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Kelmscott Manor

Kelmscott Manor was built around 1600 for Thomas Turner, the house, initially Lower Farm, replaced two earlier buildings. The Turners, prosperous yeoman farmers, rose to prominence. In the 1660s, Thomas Turner, now a ‘gentleman,’ expanded the house, adding the White Room and Tapestry Room with higher ceilings and decorative fireplaces. In 1864, James Turner transformed Lower Farm into ‘Kelmscott Manor.’

After James’s death in 1870, the Manor passed to Charles Hobbs, who rented it out. William Morris, seeking respite from London’s unhealthy environment, leased it in 1871, initially with Dante Gabriel Rossetti. Morris rented until his death in 1896, finding inspiration for designs and writings.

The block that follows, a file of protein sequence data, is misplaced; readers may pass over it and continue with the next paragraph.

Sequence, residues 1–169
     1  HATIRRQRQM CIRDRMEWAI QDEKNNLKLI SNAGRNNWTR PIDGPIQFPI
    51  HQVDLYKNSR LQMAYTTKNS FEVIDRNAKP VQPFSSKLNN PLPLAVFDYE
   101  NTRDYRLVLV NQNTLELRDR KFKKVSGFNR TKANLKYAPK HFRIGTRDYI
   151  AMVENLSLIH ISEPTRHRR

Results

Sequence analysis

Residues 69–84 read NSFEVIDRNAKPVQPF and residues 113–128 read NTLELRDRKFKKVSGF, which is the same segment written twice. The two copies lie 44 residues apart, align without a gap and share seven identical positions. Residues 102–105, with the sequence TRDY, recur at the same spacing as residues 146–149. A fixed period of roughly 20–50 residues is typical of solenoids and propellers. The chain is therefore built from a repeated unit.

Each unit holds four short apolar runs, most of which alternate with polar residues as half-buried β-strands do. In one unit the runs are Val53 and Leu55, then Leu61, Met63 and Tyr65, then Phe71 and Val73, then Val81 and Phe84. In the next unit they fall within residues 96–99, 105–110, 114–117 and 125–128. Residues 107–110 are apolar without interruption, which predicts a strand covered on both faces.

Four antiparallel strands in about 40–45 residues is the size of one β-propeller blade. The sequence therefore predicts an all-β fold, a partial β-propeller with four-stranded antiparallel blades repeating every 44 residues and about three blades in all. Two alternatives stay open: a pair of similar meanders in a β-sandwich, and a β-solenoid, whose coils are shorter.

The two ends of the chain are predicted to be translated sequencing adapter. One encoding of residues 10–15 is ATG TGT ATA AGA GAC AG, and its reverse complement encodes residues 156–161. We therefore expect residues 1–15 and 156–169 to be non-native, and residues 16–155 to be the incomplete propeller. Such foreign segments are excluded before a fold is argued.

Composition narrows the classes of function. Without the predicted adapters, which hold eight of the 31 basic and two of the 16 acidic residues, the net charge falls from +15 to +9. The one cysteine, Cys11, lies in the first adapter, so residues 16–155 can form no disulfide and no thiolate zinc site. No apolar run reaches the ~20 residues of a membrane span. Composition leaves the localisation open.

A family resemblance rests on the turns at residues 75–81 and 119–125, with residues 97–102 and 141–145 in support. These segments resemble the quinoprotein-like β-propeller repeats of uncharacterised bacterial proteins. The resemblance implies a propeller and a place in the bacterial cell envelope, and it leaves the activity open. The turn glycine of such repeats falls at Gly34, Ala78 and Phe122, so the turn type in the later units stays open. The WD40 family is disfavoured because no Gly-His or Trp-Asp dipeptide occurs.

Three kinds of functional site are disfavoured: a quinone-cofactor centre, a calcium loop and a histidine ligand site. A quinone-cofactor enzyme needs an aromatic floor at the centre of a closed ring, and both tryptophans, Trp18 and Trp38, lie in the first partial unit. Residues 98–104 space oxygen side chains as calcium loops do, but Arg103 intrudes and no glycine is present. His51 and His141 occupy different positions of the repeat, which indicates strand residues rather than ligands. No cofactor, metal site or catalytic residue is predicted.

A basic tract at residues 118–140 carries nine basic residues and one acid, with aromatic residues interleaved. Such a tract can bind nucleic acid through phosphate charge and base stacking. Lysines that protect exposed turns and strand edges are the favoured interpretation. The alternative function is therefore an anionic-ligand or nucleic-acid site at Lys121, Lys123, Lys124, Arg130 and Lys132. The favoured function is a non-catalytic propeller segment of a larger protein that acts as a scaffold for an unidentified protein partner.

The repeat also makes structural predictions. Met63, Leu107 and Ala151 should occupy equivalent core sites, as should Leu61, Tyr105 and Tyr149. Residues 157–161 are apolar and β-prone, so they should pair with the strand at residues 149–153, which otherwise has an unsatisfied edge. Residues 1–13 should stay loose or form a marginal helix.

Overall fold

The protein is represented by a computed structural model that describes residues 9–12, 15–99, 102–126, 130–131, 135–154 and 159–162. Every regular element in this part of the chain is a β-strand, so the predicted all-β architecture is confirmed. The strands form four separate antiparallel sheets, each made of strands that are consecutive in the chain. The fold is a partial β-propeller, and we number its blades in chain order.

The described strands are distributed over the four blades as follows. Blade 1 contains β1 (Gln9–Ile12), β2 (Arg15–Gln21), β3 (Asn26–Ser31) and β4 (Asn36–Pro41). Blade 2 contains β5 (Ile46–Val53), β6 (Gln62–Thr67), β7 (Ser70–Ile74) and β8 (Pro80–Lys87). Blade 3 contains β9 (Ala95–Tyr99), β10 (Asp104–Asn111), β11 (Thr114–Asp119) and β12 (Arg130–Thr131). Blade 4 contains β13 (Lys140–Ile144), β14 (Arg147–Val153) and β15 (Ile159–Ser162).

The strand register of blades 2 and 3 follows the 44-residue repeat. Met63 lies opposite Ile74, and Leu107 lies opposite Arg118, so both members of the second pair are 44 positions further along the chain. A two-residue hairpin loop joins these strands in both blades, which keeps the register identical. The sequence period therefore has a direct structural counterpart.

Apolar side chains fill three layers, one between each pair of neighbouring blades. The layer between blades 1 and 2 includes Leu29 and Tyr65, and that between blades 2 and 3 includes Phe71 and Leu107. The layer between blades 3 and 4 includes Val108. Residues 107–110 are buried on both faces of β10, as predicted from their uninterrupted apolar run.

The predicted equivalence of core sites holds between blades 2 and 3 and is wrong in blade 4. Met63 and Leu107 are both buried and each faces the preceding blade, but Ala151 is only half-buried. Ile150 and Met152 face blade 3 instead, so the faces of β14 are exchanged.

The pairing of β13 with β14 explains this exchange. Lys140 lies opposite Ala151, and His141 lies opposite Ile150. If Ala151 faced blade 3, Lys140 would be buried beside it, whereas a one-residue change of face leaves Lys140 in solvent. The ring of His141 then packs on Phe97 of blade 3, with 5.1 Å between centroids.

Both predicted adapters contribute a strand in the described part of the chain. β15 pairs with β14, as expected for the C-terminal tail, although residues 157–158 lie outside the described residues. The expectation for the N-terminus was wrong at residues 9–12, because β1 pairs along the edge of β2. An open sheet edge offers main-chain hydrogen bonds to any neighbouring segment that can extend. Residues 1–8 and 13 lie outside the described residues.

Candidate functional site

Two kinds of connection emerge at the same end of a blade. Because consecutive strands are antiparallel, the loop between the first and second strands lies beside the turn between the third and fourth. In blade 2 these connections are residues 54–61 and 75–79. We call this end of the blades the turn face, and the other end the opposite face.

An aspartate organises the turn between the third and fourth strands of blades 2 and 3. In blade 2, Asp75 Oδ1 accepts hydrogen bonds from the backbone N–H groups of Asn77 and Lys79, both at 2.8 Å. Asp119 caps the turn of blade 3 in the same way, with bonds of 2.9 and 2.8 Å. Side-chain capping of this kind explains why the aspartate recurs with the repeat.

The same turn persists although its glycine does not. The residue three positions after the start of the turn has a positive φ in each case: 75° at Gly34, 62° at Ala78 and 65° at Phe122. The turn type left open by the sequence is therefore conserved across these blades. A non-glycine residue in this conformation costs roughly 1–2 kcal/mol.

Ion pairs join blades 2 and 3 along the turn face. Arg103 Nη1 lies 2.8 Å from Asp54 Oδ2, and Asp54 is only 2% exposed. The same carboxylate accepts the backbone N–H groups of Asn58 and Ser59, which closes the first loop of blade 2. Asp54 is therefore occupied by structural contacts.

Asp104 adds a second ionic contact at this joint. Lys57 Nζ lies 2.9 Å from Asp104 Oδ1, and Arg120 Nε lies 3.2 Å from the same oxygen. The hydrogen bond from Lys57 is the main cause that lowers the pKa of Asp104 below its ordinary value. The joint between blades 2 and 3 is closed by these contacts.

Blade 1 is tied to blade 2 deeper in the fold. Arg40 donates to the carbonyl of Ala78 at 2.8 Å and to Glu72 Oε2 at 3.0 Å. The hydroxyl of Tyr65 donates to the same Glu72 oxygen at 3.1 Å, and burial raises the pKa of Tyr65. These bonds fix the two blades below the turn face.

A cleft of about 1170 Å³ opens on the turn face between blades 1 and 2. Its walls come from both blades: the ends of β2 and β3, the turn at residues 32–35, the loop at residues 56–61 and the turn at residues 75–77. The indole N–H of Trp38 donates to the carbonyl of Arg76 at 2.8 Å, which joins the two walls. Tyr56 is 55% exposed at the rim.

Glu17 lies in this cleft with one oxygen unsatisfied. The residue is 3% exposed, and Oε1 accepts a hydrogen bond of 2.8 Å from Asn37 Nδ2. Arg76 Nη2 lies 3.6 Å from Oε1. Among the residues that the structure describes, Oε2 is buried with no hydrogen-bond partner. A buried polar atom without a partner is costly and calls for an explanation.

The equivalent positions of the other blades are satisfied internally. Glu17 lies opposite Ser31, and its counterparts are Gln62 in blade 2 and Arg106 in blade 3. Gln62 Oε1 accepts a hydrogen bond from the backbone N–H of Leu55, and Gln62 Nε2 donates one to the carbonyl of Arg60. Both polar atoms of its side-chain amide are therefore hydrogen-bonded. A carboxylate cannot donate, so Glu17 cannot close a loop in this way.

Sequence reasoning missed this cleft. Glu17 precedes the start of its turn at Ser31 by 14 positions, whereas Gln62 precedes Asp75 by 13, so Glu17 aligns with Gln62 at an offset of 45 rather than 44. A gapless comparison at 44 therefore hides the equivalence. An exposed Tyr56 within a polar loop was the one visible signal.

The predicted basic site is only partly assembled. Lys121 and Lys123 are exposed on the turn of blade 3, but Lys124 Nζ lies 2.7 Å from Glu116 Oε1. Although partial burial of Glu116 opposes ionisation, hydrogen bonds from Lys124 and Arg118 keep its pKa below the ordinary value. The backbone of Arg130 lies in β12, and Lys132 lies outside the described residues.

The tenancy briefly passed to Morris’s wife, Jane, until her death in 1914. The estate then transferred to May, Morris’s younger daughter, who resided at Kelmscott Manor until her death in 1938.

May’s will stipulated the Manor’s use as a ‘house of rest’ without modernization. The University leased it from 1939 to 1951, but financial constraints led to disrepair. In 1962, the University sought release from May’s will, and the Society of Antiquaries of London took ownership. A major restoration ensued in the following years.

Today the manor is the most preserved of all the buildings associated with William Morris and his family with much of the buildings and surrounding countryside still as it was when Morris lived here. Showcasing the unique collection, activities, and special exhibitions. Through educational and community engagement allows visitors to experience and respond to Kelmscott in the same way that William Morris.

Kelmscott, Lechlade GL7 3HJ

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